Turkey: A strategic partner or backsliding democracy?
The Turkish government received three strong messages on the quality of its democracy and rights from three Western partners on the same day on April 14. The messages from the European Parliament (EP), the U.S. Department of State and the Council of Europe’s (CoE) human rights commissioner came at a time when Turkey is in a counter-terrorism campaign against the Islamic State of Iraq and the Levant (ISIL) and the outlawed Kurdistan Workers’ Party (PKK) as a side effect of the Syrian civil war along its southern borders and in a deal with the European Union over the control of the illegal migrant flow mainly sourcing from the Syrian war.
Considering Turkey’s desire to reactivate its membership process, including visa-free travel rights with the EU, the EP report reflected the mood in European politics about Turkey’s course, despite having no binding power. Being one of the strongest reports on Turkey, it accused the ruling Justice and Development Party (AK Parti) government of “backsliding” on democracy and the rule of law. EP Turkey rapporteur Kati Piri said the regression in areas such as freedom of expression and the independence of the judiciary was “particularly worrying,” adding there was intimidation of the press, a slowing down in the overall pace of reforms and an escalation of violence in the country due to PKK attacks and counter security operations.
Turkish EU Minister Volkan Bozkır turned down the report because of references to the claims of Armenian genocide under the Ottoman Empire. That overshadowed the criticism in Turkish public opinion about the decline in the use of democratic rights.
Bozkır was quick responding to the EP report on Turkey, but there were two other criticisms.
CoE Human Rights Commissioner Nils Muiznieks focused more on the security operations in eastern and southeastern towns near the borders with Syria, Iraq and Iran. “The building of barricades and trenches and the arming of children [by the PKK] are completely unacceptable. But it is essential [for the government] to uphold rule of law and human rights. I have grave concerns about the imbalance I have seen,” Muiznieks said.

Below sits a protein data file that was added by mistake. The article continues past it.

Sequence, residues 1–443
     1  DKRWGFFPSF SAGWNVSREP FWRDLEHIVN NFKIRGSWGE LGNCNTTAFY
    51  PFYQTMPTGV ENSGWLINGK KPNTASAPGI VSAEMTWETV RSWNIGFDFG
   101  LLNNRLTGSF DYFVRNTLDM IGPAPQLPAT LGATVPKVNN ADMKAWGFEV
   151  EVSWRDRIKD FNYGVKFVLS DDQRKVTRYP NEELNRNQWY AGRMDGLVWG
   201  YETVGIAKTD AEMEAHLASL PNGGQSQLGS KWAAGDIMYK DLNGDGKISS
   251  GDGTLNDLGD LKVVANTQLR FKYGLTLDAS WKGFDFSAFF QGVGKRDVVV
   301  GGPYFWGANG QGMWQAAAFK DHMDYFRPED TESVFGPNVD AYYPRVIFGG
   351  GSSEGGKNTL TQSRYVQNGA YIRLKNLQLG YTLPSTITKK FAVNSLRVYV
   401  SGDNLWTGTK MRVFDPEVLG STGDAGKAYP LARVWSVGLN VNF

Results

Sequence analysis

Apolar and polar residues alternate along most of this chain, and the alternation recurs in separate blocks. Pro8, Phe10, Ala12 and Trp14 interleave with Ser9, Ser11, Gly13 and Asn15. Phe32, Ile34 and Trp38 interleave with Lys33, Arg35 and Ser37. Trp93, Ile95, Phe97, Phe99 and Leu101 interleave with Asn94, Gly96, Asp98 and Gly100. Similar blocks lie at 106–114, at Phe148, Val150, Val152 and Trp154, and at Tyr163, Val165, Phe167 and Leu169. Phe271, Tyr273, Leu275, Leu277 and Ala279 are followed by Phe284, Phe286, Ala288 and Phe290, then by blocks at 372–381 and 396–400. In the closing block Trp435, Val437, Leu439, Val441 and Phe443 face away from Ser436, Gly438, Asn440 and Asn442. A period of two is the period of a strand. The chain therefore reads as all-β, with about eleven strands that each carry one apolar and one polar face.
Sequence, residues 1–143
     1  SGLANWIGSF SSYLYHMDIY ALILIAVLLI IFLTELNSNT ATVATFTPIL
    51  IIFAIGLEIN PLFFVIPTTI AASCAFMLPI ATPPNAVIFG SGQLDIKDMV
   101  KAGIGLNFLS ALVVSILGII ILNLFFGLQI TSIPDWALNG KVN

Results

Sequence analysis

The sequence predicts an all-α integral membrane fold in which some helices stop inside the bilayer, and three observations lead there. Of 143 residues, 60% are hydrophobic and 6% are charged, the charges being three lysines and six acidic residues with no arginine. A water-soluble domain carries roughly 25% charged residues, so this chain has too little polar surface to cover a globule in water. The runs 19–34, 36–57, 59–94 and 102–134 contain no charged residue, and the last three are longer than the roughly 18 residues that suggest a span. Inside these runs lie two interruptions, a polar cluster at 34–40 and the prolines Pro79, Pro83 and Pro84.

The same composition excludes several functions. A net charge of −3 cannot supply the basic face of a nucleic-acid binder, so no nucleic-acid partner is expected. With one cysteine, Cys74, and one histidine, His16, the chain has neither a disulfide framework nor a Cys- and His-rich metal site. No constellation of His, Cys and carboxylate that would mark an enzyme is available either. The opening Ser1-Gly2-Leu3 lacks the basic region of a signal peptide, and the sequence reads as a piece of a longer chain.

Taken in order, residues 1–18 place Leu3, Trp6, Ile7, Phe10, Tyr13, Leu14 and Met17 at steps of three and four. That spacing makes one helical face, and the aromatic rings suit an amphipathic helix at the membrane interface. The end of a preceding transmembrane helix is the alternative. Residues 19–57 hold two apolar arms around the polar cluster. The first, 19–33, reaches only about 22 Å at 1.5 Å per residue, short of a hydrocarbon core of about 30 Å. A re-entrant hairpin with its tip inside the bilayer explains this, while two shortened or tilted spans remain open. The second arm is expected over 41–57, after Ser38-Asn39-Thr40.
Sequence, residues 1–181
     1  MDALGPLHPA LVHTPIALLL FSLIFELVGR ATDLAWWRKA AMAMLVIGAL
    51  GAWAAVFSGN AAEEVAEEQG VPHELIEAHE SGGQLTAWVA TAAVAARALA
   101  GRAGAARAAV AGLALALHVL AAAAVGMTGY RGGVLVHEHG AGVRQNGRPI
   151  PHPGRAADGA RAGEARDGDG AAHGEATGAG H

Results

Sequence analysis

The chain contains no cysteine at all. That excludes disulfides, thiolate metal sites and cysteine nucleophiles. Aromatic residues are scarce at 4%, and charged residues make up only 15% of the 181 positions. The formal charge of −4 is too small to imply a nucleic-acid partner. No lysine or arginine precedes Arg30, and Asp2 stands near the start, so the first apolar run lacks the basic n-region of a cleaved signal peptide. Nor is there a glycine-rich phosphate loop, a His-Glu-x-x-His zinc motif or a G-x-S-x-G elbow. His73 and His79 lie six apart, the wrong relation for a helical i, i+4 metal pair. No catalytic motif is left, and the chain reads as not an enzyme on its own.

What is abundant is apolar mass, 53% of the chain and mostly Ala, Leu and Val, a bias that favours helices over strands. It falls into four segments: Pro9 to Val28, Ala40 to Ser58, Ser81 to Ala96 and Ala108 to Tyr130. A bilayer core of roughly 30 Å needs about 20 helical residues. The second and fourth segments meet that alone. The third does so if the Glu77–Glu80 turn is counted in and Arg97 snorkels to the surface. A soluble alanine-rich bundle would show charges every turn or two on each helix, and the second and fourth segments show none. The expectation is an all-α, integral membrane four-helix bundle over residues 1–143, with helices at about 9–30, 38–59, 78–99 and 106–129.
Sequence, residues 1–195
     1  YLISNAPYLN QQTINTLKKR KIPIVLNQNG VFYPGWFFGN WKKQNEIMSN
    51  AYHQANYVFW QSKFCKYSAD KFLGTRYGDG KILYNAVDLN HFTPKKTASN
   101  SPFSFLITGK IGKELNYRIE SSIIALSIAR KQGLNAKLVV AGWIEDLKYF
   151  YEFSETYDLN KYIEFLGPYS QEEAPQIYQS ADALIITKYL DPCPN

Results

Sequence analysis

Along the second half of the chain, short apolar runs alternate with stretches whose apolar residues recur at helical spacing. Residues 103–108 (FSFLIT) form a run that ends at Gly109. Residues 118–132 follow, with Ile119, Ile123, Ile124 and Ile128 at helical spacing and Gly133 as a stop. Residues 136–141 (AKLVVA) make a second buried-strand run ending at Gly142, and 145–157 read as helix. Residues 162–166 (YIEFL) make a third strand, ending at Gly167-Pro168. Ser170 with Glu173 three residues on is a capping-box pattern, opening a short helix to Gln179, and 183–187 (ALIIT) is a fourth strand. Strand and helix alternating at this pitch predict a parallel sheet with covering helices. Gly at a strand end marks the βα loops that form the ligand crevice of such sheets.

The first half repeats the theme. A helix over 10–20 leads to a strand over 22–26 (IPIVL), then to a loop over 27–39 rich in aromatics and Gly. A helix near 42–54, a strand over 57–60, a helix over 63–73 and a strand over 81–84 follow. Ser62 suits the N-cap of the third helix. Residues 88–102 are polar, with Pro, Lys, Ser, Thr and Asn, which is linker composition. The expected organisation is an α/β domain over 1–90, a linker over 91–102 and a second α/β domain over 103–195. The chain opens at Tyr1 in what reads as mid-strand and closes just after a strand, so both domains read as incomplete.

Meanwhile, the U.S. State Department’s annual report the human rights practices in Turkey “provided a snapshot of the deteriorating human rights environment” in the country, stressing that the government’s interference with freedom of expression, arbitrary application of laws and inadequate protection of civilians in the country’s southeast pose great threats to civil rights and liberties. The report mentioned the “pressure against the exercise of free speech” as one of the direst problems of Turkish democracy; it cited some 30 journalists charged under anti-terror laws, raids on media companies and the forceful takeover of five media outlets affiliated with the Fethullah Gülen movement through government-appointment trustees. The attack on daily Hürriyet’s headquarters and the assault of columnist Ahmet Hakan were also mentioned in the report.
Regarding the anti-PKK operations, the report said: “The government did not sufficiently protect vulnerable populations, with the result that both PKK fighters, and, at times, government security forces reportedly killed and injured civilians.”
On one hand there are serious accusations and criticisms about the quality of democracy and the use of rights under the AK Parti government in Turkey. On the other hand, Turkey, as a major member of NATO, has not only been engaged in the fight against ISIL in Syria and Iraq but countering Russian pressure in the Mediterranean, Baltic and Caucasus. Turkey is also the EU’s partner in trying to control illegal immigration into the EU through the Aegean-Balkans route. As the reports were poured on Ankara, Turkish President Tayyip Erdoğan was hosting the Islamic Cooperation Organization’s (ICO) summit in Istanbul, where an Islamic Interpol was discussed against terrorism as a “major problem of the Islamic world.”
Turkey is a part of a Western strategic partnership but also under heavy criticism of its “backsliding” and “deteriorating” democracy. The fierce fight against rising terrorism makes that possible, but people (and not only in Turkey) are the ones who suffer when they lose their lives and rights.